Sharable Content: The Emotional Appeal

Apr 14

With all the craze over viral content, here’s how to ensure that you produce content that makes people want to share.

In general, positive messages do better than negative ones.

Framing something in a positive light often gives people the feel-good attitude that makes them want to pass on the optimism. A recent New Yorker article reported that articles with titles like “Wide-Eyed New Arrivals Falling in Love with the City” were more popular and shared than sad articles like “Baby Polar Bears’ Feeder Dies.”

Of course, a big part of these articles’ success is how much their headlines hook the reader. For tips on how to write a newsworthy headline, check out our post on rules to write by.


A strong emotional response elicits more shares than a weak one.

Intense emotional content makes readers more likely to share, even if the emotion is not positive. Posts that excite, righteously enrage, or tickle readers with their adorableness get more shares than those that don’t.

Think about Upworthy’s use of emotional headlines to draw visitors in. A recent video on the site was titled, “This Guy Was Really Nice to a Homeless Little Girl and Got the Best Reward Ever in Return.” The title communicates the video’s positivity and hooks the viewer. Then its content delivers on the headline.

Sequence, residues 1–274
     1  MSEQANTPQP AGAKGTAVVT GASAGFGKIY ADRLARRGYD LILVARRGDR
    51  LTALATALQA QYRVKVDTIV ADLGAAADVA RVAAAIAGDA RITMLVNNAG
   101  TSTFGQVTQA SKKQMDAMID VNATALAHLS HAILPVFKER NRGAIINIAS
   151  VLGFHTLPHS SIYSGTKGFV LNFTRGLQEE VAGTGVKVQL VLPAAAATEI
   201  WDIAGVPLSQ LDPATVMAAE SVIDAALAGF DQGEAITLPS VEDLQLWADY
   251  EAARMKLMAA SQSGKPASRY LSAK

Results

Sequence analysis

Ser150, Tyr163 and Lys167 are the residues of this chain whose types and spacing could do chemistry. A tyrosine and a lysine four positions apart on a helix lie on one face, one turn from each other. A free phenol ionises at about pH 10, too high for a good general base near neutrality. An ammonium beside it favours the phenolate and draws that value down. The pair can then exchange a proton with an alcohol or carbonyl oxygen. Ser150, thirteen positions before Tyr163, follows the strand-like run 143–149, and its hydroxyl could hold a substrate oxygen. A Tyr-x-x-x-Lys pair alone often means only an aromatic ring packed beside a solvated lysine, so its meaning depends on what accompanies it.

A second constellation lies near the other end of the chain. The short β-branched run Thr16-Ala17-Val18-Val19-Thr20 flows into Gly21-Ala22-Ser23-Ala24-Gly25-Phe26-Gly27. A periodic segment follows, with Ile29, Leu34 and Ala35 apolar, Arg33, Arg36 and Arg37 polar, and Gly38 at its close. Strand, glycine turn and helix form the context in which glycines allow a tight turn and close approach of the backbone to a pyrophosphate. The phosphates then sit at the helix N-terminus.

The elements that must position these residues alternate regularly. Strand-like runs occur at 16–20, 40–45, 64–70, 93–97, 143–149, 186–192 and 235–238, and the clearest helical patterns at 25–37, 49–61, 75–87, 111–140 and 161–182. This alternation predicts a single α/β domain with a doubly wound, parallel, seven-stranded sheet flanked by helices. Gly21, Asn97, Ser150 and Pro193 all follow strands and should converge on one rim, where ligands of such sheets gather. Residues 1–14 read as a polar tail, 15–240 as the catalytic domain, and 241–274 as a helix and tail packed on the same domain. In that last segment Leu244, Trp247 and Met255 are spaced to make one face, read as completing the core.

Some emotions convince people not to share.

Some emotions stifle the desire to share. If people feel content or satisfied after reading or watching something, their motivation to share it isn’t as high as in the case of a story that angers or delights them.

People don’t tend to feel the need to share contentment–if you’ve had a normal, uneventful day at work, you aren’t likely to talk much about it. But if you’ve had a great day that was out of the ordinary, you’ll be more likely to tell all your friends about it.

Get emotional to get your followers sharing, and your content might just go viral.

Be the second to comment!

  • Conor Flynn

    This is smart and useful advice for bloggers. Telling a story with a blog post, when possible, is a great way to create the type of emotional appeal referred to in this post. A story can be gripping, memorable, as well as emotional. The form of a story correlates with the hook and continued interest for the reader. The standard progression of introduction (hook), rising action, climax, conclusion is an effective way to hook a reader, sustain interest, and create a strong emotional response in the end. Stories can illicit several different emotions, and I wonder if a post that at once excites but also righteously enrages can provoke a response? Or if a reader would feel their emotions were played with, cheated? When I read a story, I’m much more likely to engage with it on a personal level, and more likely to share it.